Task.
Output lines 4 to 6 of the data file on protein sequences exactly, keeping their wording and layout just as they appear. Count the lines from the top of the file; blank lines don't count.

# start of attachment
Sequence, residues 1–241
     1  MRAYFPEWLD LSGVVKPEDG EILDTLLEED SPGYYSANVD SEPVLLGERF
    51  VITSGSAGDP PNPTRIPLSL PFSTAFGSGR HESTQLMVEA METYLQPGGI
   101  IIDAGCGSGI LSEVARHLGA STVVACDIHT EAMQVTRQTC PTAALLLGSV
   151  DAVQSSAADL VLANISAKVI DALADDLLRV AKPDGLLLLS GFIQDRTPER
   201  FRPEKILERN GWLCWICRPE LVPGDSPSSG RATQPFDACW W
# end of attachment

   101  IIDAGCGSGI LSEVARHLGA STVVACDIHT EAMQVTRQTC PTAALLLGSV
   151  DAVQSSAADL VLANISAKVI DALADDLLRV AKPDGLLLLS GFIQDRTPER
   201  FRPEKILERN GWLCWICRPE LVPGDSPSSG RATQPFDACW W